Savas L. Tsohatzidis (2001). The Mode of Existence of Illocutionary Negation. Erkenntnis 54 (2):205-214.
    This paper examines a recent attempt to provide a negative answer to the question of the existence of illocutionary negations. It argues that the attempt is unsuccessful both because it presupposes a misinterpretation of the question's theoretical import and because, even granting that misinterpretation, it bases its proposed answer on certain assumptions that can independently be shown to be untenable.
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  25.  7
    Savas L. Tsohatzidis (2007). Yes-No Questions and the Myth of Content Invariance. In John Searle's Philosophy of Language: Force, Meaning, and Mind. Cambridge University Press
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  26.  6
    Savas L. Tsohatzidis (2007). Introduction to 'John Searle's Philosophy of Language'. In John Searle's Philosophy of Language: Force, Meaning, and Mind. Cambridge University Press
    -/- This volume presents eleven original essays that critically examine aspects of John Searle's seminal contributions to the philosophy of language, and explore new ways in which some of their themes could be developed. After an opening essay by Searle in which he summarizes the essentials of his conception of language and what he currently takes its most distinctive implications to be, the critical essays are grouped into two interconnected parts – “From mind to meaning” and “From meaning to force” (...)
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  27.  5
    Savas L. Tsohatzidis (1994). Ways of Doing Things with Words: An Introduction. In Foundations of Speech Act Theory: Philosophical and Linguistic Perspectives. Routledge
  28.  5
    Savas L. Tsohatzidis (2007). Introduction to 'Intentional Acts and Institutional Facts'. In Intentional Acts and Insitutional Facts: Essays on John Searle's Social Ontology. Springer
  29. Savas L. Tsohatzidis (2000). Existence Assumptions and the Distinction Between Implications and Implicatures. Facta Philosophica: Internazionale Zeitschrift für Gegenwartsphilosophie: International Journal for Contemporary Philosophy 2:113.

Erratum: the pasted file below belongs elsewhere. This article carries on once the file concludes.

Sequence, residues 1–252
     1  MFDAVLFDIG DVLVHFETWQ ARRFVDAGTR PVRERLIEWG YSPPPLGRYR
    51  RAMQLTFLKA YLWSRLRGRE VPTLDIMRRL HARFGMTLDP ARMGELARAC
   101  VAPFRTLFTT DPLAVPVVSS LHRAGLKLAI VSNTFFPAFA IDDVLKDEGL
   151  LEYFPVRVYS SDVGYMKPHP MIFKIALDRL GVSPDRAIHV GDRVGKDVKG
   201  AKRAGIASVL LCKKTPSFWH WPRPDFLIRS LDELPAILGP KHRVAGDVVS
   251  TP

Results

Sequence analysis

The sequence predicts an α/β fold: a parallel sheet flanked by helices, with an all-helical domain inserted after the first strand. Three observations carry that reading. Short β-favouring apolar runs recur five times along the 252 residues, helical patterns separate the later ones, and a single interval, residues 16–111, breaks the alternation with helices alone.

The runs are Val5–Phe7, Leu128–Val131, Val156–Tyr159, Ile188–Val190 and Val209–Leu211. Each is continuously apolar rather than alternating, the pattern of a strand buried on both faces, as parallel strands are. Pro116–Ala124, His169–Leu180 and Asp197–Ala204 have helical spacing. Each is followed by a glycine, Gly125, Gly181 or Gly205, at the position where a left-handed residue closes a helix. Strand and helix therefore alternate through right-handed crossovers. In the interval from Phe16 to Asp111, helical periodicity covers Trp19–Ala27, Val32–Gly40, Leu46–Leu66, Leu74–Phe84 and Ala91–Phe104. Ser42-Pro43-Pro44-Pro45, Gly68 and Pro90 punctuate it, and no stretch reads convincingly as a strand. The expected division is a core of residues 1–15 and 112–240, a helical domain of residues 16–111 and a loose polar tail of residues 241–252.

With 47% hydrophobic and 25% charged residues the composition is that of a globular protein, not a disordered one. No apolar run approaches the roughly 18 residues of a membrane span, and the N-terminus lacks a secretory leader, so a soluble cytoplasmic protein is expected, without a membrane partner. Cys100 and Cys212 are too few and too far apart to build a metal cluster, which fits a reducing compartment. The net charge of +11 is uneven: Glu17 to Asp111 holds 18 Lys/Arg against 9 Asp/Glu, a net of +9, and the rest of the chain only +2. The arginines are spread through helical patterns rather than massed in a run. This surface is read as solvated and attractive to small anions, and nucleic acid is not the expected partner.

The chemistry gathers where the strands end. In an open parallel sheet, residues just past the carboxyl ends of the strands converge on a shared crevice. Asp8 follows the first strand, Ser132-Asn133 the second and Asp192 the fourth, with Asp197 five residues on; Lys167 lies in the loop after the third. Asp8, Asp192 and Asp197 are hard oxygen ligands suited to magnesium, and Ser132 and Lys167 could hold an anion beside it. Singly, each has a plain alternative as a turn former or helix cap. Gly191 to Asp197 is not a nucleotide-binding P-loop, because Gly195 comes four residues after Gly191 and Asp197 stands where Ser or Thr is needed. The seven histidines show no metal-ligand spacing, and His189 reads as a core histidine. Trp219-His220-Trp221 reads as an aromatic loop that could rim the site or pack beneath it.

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  30.  47
    Savas L. Tsohatzidis (ed.) (2007). Intentional Acts and Institutional Facts: Essays on John Searle's Social Ontology. Springer.
    This book includes ten original essays that critically examine central themes of John Searle’s ontology of society, as well as a new essay by Searle that summarizes and further develops his work in that area. The critical essays are grouped into three parts. Part I (Aspects of Collective Intentionality) examines the account of collective intention and action underlying Searle’s analysis of social and institutional facts, with special emphasis on how that account relates to the dispute between individualism and anti-individualism in (...)
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  31.  80
    Savas L. Tsohatzidis (ed.) (2007). John Searle's Philosophy of Language: Force, Meaning, and Mind. Cambridge University Press.
    This is a volume of original essays on key aspects of John Searle's philosophy of language. It examines Searle's work in relation to current issues of central significance, including internalism versus externalism about mental and linguistic content, truth-conditional versus non-truth-conditional conceptions of content, the relative priorities of thought and language in the explanation of intentionality, the status of the distinction between force and sense in the theory of meaning, the issue of meaning scepticism in relation to rule-following, and the proper (...)